Friday, April 24, 2009

It's where you place the lever that counts!!

I recently commented on a discussion thread in the prestigious LimkedIn Strategic Sourcing and Procurement Group (not as exclusive as Augusta, but definitely friendlier and more affordable). The participants were discussing an article entitled "The Demise of Strategic Sourcing", and focused on topics such as whether we have already leveraged the lowest possible prices, and defining the role of Procurement (or Strategic Sourcing) and "strategic category management".

With one thing I surely agree: Leverage is overplayed...if a hammer is the only tool that you have in your toolbox, then everything begins to look like a nail. But the issue for me is really not in the use of leverage (i.e. "the lever"). There is a time and a place for everything, including the lever, and the ultimate goal is to commoditize what you can and strip it down to its most generic form where possible. However, many buyers/category managers/procurement specialists are not positioned properly within their organizations to effectively influence sourcing strategy and position the value lever at it's most powerful point - at its apex - the beginning of the process.

Unless Procurement/Strategic Sourcing leadership can position the function to be an influencer and involved at the beginning of a product development or service offering cycle (and train people to use a variety of sourcing and business tools), the contributions will always be tactical (and non-sustainable) at best, and never influence the top line as well as the bottom line. Being able to do both is the true measure of "strategic sourcing".

One thing I do know - there is nothing more constant than change! Categories of spend, and how you define them, need to constantly change and evolve with business changes. In IT Procurement, there is rarely a purely hardware, software, telecommunication or service procurement that does not involve at least 3 categories as part of a holistic business solution. Yet few sourcing organizations are organized to attack sourcing issues in this manner. That makes them tactical.

The same goes for understanding whether the best contracting strategy is local, regional or global. Everybody always assumes that Global consolidation is more "strategic" when in fact, in most cases, it is not. How many times have we seen buyers (etc.) negotiate global contracts, and then wonder why nobody in the organization wants to use them because they can buy from a lower priced local source? Too often. That's because the difficulty of coming to global solutions and applying global leverage (there's that word again) and consolidation often requires accepting "lowest common denominator" compromises to get the deal done. They drown in their own complexity.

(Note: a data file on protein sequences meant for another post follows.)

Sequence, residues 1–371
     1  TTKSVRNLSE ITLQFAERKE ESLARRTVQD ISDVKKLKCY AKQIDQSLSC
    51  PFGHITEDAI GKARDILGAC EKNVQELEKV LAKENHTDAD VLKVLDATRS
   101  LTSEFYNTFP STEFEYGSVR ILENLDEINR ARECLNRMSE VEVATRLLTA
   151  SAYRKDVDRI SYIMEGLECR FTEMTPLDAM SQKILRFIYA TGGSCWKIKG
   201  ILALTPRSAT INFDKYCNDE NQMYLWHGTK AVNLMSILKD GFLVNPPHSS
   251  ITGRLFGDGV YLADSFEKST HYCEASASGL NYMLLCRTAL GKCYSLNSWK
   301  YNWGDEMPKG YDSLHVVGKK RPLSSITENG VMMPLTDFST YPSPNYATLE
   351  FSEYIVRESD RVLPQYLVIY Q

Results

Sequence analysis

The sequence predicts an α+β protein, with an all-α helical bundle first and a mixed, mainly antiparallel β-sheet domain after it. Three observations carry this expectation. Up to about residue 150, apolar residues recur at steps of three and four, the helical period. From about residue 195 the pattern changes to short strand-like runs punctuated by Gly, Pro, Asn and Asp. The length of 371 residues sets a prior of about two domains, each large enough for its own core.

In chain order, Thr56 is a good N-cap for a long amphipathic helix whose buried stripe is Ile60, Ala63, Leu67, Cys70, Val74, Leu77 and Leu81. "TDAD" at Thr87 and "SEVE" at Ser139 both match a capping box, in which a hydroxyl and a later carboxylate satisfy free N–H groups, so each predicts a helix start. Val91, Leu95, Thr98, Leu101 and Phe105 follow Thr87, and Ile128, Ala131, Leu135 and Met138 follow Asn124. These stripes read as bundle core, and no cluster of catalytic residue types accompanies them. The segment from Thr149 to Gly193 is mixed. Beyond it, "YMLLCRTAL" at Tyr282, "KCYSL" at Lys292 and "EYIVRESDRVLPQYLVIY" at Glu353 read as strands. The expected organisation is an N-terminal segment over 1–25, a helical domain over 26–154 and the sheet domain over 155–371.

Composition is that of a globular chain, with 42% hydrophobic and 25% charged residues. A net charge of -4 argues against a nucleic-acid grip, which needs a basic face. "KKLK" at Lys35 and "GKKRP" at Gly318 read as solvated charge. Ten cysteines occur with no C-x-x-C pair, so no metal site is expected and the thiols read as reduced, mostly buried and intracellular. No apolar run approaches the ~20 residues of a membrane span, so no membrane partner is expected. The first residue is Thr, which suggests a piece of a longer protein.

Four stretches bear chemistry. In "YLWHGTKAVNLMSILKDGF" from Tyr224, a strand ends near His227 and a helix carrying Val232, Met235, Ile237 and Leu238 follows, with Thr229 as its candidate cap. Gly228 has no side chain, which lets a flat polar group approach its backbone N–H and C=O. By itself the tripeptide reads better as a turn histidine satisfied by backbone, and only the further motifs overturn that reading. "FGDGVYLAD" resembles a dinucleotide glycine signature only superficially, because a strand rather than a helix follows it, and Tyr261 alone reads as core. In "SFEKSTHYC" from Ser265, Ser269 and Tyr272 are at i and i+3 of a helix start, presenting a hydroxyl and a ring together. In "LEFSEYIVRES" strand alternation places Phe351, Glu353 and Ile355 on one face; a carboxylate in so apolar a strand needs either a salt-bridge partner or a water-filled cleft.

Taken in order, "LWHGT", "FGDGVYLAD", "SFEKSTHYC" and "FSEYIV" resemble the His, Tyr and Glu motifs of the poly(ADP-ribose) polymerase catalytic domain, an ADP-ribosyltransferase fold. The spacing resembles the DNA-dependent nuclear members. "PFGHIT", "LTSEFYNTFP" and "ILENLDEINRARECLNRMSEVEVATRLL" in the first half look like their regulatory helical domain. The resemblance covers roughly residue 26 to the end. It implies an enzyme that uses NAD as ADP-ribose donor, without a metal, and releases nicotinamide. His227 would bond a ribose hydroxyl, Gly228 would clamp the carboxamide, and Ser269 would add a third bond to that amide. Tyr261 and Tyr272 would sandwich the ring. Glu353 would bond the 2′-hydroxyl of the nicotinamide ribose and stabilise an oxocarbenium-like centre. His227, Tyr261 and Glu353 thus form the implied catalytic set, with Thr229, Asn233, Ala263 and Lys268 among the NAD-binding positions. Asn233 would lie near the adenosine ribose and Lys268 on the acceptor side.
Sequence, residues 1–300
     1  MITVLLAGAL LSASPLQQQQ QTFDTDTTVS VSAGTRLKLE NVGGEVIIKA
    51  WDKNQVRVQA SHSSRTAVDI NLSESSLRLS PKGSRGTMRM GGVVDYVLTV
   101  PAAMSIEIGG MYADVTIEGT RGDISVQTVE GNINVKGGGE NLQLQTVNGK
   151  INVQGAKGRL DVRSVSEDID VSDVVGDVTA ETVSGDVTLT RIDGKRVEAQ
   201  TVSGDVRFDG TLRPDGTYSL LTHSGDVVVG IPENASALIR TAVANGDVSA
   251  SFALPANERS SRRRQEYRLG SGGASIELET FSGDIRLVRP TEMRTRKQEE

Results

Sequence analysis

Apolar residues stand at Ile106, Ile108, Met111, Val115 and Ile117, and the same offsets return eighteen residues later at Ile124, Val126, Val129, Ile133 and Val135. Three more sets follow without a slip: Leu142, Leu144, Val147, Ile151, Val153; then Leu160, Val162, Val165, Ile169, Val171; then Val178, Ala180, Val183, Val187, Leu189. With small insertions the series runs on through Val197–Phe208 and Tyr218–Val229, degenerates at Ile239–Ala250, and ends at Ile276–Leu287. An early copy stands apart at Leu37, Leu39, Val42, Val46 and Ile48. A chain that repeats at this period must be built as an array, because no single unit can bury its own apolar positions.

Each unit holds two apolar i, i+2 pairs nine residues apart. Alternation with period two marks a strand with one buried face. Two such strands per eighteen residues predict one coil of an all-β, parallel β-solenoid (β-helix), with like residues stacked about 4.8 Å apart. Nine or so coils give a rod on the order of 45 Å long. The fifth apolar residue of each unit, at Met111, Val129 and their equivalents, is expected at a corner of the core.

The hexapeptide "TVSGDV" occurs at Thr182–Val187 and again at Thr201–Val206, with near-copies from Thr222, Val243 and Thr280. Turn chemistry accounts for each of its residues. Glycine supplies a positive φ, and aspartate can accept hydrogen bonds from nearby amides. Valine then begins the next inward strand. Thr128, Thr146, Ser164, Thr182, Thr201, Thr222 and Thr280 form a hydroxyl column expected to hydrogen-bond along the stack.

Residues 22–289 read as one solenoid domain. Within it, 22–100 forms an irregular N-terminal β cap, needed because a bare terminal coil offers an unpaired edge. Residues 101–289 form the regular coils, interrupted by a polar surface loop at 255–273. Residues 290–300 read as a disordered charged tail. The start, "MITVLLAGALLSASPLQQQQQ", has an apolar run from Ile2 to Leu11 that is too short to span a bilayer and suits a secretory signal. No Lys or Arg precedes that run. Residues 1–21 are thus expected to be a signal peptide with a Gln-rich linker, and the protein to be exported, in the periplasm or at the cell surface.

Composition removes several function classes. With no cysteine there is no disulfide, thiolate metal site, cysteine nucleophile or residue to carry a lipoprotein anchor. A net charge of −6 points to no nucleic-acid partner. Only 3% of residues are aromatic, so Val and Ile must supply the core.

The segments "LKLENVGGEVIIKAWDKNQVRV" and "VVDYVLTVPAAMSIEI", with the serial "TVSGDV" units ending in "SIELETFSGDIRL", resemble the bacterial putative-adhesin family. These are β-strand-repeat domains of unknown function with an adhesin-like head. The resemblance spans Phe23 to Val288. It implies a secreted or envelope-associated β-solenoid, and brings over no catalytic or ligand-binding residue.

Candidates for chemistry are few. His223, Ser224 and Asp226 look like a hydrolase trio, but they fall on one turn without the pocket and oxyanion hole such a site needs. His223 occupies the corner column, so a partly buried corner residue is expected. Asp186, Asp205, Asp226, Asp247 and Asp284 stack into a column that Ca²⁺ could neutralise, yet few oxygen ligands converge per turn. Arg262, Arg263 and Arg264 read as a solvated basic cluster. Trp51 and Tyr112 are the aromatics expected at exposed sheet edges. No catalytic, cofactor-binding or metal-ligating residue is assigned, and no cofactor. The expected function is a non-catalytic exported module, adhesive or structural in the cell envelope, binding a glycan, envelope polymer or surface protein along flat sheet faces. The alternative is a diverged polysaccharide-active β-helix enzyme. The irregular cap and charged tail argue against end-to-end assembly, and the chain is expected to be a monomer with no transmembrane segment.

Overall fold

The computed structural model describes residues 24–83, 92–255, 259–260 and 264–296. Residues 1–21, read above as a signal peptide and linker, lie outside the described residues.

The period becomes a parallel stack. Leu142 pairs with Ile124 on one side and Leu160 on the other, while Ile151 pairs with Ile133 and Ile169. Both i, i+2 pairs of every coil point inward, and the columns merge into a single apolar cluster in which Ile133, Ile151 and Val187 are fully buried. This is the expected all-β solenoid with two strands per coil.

What is strategic is having the tools to know this, knowing your internal stakeholders and their business issues, and designing sourcing solutions that drive the business to competitive advantage in the marketplace (and sometimes, but not always, it's about achieving the lowest cost). And when you decide that leverage is the right strategy for the situation, you need to place the fulcrum of the lever as close to the beginning of the process as you can. Only then will it become the powerful tool that you need to drive competitive advantage, and only then will you be perceived as "strategic".

1 comment:

  1. "There's never been a better time to 'free up' cash for an organization or institution ... why wait on a government stimulus when you can create your own today .... by doing 3rd party sourcing of goods and services better."

    Howard, you have a great site and nice start for your blog. One thing I know for sure .... there is still plenty of savings (whether price or total cost) to be taken out 3rd party spend ... even by those companies that have really good procurement organizations. Here's to wishing you all the best! Gregg Brandyberry, Wildfire Commerce, Inc.